I stayed up late last night (UK time) to watch Barack Obama deliver his 2015 State of the Union address to the United States Congress. I was particularly interested to hear what he had to say about climate change. In the event he said the word "climate" four times. Apparently that's a new record.
According to the UK's Department of Energy and Climate Change:c
Energy and Climate Change Secretary Edward Davey and Climate Change Minister Greg Barker will both be attending the second week of the COP18 negotiations in Doha, commencing on 3rd December
The second week of the "18th session of the Conference of the Parties to the UNFCCC and the 8th session of the Conference of the Parties serving as the Meeting of the Parties to the Kyoto Protocol" starts tomorrow at the Qatar National Convention Centre in Doha, Qatar.
Professor David MacKay used to work in the Physics department of Cambridge University. Now he's the Chief Scientific Advisor to the UK's Department of Energy and Climate Change. Here's a video in which he explains how he halved his own personal energy consumption, and how you can too:
After an expensive and thoroughly negative campaign that failed to mention climate change at all, Barack Obama has been voted another four year term in charge of a nation that pumps a lot of carbon dioxide into our atmosphere. According to the PBL Netherlands Environmental Assessment Agency (PBL for short):
Four years ago Barack Obama was President Elect. Here's a speech he gave at that time:
Notice his concluding remarks:
Once I take office you can be sure that the United States will once again engage vigorously in…. negotiations, and help lead the world towards a new era of global cooperation on climate change. Now is the time to confront this challenge once and for all. Delay is no longer an option. Denial is no longer an acceptable response. The stakes are too high. The consequences too serious. Stopping climate change won't be easy and it won't happen overnight, but I promise you this. When I am president, any governor who's willing to promote clean energy will have a partner in the White House. Any company that's willing to invest in clean energy will have an ally in Washington. And any nation that's willing to join the cause of combating climate change will have an ally in the United States of America.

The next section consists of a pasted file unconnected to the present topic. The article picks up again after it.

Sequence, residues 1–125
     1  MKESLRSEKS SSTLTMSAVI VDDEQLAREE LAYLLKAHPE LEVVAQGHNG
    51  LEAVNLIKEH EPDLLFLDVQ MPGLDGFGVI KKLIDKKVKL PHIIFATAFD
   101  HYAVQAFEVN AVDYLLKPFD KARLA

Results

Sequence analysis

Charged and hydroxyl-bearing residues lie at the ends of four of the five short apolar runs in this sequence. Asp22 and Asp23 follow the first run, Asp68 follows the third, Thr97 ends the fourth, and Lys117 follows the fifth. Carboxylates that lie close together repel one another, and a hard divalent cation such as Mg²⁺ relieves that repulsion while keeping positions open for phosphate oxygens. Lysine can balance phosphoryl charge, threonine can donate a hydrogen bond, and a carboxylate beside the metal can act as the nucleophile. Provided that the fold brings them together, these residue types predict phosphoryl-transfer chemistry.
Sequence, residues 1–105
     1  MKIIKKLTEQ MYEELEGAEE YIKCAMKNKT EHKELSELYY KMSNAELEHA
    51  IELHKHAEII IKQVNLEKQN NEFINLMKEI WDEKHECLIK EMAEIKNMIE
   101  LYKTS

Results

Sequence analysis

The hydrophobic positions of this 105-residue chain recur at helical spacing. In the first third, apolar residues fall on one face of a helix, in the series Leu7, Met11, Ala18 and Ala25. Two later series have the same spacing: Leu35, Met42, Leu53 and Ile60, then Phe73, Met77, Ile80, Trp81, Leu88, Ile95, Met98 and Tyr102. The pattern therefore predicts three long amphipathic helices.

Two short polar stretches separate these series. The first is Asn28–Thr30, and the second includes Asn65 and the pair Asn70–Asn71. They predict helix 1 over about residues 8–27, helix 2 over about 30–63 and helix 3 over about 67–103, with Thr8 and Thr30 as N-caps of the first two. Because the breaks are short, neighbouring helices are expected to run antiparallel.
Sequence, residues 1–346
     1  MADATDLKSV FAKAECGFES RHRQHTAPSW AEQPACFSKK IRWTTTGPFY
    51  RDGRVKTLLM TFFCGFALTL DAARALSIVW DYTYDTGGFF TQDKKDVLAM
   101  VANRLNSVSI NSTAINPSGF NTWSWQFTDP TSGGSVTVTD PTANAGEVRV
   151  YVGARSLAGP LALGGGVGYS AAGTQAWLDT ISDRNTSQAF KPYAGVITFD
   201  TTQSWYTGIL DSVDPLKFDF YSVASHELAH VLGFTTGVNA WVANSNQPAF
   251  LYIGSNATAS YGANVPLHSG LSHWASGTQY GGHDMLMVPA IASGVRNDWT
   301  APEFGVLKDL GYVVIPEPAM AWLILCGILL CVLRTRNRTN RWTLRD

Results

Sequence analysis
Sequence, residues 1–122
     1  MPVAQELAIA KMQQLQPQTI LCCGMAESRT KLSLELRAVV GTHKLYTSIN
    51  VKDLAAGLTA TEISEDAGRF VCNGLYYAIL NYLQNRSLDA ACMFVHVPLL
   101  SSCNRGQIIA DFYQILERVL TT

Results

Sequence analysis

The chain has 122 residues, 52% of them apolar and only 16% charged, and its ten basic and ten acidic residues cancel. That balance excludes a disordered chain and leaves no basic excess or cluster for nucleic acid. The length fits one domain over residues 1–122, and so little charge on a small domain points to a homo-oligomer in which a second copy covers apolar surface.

Stopping climate change hasn't happened overnight, or over the last four years for that matter. The stakes are higher. The consequences more serious. Stopping climate change is now much harder. Whether as a result of Michael Bloomberg's last minute introduction of climate change onto the agenda or not, Mr. Obama has just been voted another four years in office by the U.S. electorate. Here's his 2012 acceptance speech:
The United States' National Snow and Ice Data Center (NSIDC for short) has just issued a press release about the amount of ice in the Arctic at the moment. You may be wondering why on Earth that is relevant to you, but please bear with me as I endeavour to explain, with the help of a few videos. Here's the first one which shows summer 2012 in Sidmouth, a seaside town down here on the not so sunny south coast of Devon:
The COP17 climate change conference in Durban finally finished on Sunday a day and a half late. According to the final press release it:
Delivered a breakthrough on the future of the international community's response to climate change, whilst recognizing the urgent need to raise their collective level of ambition to reduce greenhouse gas emissions to keep the average global temperature rise below two degrees Celsius.
The press release itemises the "breakthrough" decisions as follows:
Regular readers will know that the 17th Conference of the Parties (COP17) to the United Nations Framework Convention on Climate Change begin in Durban, South Africa in less than a week. At the same time and place the 7th Session of the Conference of the Parties serving as the Meeting of the Parties (CMP7) to the Kyoto Protocol will also take place. The question now is what if anything all these discussions will achieve apart from a modicum of global warming from all the hot air that will doubtless be emitted by the attendees?
I've been involved in quite a few debates in various places around the web over the last week or so, and I've been revisiting those conversations and reflecting on what our glorious Group of 20 leaders achieved in Cannes last week, particularly regarding what they refer to as "Global Governance".
As we reported last week, the leaders of the G20 nations (plus a few others) are on a jaunt to the Mediterranean seaside in Cannes this week. Amongst other things they are scheduled to discuss the global financial crisis. As luck would have it another item will have added itself to their agenda this morning. According to Yahoo!